[Bulk] Re: A chemical equation of equilibrium and negative feedback

[Bulk] Re: A chemical equation of equilibrium and
[Martin Taylor 2006.]

[From Bjorn Simonsen (2006.04.27,21:35

I agree that the pendulum idea and the mass spring
idea can’t serve as models of purposeful behavior, but it looks to
me that the pendulum system is influenced by negative feedback after
the pendulum bob is released. I think upon the tension in the pendulum
suspension as the “perceptual signal” and a tension in the
pendulum suspension like the gravity force as the reference (this
happens when the pendulum hang still.

difference between the restoration of the pendulum (or a spring, and
the like) is that for them the energy required for the restoration is
provided by whatever moved the item away from its equilibrium
position. It’s just a conversion of the form of the energy to (jn the
case of the pendulum) gravitational potential energy provided by
whatever pushed the pendulum, and, on restoration, the dissipation of
that energy into heat.

In a
control system, whether it be physical or chemical or whatever, the
energy required for restoration comes from a source independent of the
energy suplied by the disturbnace. The control system’s
“perception” extracts negligible energy from the disturbed
system, but the output can supply as much energy as is available from
its supply (conceivably up to the energy released by an

Equilibrium systems do tend toward restoration of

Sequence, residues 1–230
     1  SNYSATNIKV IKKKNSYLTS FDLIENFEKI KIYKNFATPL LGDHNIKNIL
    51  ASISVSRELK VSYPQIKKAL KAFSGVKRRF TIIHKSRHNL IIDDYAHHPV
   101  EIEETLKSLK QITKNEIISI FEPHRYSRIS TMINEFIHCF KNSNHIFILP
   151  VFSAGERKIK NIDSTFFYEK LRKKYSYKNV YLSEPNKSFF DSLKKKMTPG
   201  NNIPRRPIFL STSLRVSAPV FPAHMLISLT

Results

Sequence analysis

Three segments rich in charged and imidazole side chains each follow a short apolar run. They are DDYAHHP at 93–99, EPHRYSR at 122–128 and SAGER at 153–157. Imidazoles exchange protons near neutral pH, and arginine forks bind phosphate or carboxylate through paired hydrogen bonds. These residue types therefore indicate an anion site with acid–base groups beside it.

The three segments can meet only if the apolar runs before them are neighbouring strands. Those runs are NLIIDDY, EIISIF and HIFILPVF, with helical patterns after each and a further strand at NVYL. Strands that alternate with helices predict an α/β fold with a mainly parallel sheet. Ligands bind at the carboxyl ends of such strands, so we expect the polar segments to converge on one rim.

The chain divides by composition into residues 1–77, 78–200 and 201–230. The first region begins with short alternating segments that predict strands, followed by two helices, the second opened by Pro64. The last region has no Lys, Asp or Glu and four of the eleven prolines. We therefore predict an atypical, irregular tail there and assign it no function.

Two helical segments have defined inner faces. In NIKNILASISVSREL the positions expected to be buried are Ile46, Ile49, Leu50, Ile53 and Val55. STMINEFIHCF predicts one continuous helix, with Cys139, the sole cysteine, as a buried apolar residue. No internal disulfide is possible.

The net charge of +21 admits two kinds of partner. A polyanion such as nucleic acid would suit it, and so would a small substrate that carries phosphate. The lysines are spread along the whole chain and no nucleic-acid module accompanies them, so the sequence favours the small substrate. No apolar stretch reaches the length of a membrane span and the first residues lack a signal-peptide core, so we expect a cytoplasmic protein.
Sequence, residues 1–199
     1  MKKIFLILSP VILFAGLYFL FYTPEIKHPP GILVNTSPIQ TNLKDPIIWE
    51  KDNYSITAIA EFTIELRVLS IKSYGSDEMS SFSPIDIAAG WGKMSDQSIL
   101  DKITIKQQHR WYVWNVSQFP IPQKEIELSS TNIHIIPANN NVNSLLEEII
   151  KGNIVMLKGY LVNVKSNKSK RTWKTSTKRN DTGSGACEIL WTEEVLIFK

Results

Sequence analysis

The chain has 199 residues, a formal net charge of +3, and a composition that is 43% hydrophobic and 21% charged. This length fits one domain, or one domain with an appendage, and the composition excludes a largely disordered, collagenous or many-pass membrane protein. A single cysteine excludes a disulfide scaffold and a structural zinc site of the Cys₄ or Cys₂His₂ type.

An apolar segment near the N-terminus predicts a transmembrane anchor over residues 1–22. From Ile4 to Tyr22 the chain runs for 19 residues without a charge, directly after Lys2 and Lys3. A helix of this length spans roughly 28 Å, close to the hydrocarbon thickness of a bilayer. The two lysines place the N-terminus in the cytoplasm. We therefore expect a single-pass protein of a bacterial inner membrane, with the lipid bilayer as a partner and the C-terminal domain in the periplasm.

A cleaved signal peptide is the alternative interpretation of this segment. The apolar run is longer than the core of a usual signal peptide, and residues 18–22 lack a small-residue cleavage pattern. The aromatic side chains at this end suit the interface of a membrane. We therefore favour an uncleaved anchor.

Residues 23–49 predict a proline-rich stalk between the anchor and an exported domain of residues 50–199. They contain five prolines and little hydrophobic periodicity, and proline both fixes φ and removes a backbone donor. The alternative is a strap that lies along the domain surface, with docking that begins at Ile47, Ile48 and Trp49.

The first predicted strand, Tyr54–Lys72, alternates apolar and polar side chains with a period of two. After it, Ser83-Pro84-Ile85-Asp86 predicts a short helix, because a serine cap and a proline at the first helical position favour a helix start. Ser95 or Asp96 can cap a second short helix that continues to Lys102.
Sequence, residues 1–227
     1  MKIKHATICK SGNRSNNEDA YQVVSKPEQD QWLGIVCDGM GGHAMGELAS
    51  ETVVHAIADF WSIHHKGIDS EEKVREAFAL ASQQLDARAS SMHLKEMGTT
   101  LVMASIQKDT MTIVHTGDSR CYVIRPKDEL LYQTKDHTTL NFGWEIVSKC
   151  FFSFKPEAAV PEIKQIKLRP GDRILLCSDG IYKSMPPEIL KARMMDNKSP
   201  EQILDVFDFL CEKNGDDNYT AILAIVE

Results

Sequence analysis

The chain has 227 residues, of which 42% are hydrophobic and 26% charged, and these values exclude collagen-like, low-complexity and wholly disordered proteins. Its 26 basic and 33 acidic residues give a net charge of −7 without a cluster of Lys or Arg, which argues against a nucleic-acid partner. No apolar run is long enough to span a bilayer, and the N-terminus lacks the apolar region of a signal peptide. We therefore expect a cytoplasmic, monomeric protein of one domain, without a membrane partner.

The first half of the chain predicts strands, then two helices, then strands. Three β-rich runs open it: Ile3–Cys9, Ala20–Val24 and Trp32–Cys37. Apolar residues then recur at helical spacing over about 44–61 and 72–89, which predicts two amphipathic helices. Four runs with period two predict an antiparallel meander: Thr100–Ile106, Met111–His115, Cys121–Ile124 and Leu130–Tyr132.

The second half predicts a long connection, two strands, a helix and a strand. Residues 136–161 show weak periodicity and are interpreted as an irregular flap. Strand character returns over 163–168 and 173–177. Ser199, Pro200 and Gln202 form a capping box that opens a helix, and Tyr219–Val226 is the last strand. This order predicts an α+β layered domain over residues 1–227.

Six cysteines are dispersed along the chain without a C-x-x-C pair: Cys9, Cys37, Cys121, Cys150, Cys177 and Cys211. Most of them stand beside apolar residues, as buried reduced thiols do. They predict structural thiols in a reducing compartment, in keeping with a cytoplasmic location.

their central values, but they do so without outside energy sources
(other than that supplied by whatever disturbed them away from the
equilibrium in the first place).


[Martin Taylor 2006.]

[From Rick Marken (2006.04.29.0840)]

Bjorn Simonsen (2006.04.29,08:45 EUST)

I absolutely agree that _if_ the pendulum is a control system it is not a _good_ control system. There are many not good control systems. Is a thermostat a good control system? If you open the window in your living room a very cold winter day, it takes about the same time to create an equal and opposite force before the room temperature comes back to the set point temperature.

I think this misses the fact that pendulum barely controls at all while the thermostat, though not perfect, controls quite well. ...

So you can say that both the pendulum and thermostat are poor controllers but that the pendulum is worse. ...

I don't think you can say the pendulum is a controller of any kind, good or bad. It doesn't have any of the three main characteristics of a controller:

  (1) the existence of a signal that represents the state of something outside itself,
  (2) use of a source of energy independent of whatever might disturb the state represented by the signal, and
  (3) an asymmetry between the force applied to the outer state to produce the signal and the force available to oppose changes in the outer state.

Whether a control system is "good" or "poor", it has all of those features. The pendulum has none.

I suppose you could say that Newton's law that a force is opposed by an equal an opposite reaction (e.g. a pendulum held at an angle) means that all mechanical effects involve negative feedback, but I'd call that stretching a point beyond the horizon! But even if you have an over-the-horizon radar, not all negative feedback systems are control systems.


PS. In a few minutes, I'm gone for a week or ten days, by which time this thread will probably be dead, so unless you disagree with the above in some arguable way, I don't expect to contribute to it further.